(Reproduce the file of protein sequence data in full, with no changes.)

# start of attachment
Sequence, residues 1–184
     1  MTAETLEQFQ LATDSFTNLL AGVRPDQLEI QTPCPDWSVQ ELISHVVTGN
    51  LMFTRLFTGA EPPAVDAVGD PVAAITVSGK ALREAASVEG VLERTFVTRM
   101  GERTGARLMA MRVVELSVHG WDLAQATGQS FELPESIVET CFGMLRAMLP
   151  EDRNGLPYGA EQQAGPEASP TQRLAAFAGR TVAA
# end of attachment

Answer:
Sequence, residues 1–184
     1  MTAETLEQFQ LATDSFTNLL AGVRPDQLEI QTPCPDWSVQ ELISHVVTGN
    51  LMFTRLFTGA EPPAVDAVGD PVAAITVSGK ALREAASVEG VLERTFVTRM
   101  GERTGARLMA MRVVELSVHG WDLAQATGQS FELPESIVET CFGMLRAMLP
   151  EDRNGLPYGA EQQAGPEASP TQRLAAFAGR TVAA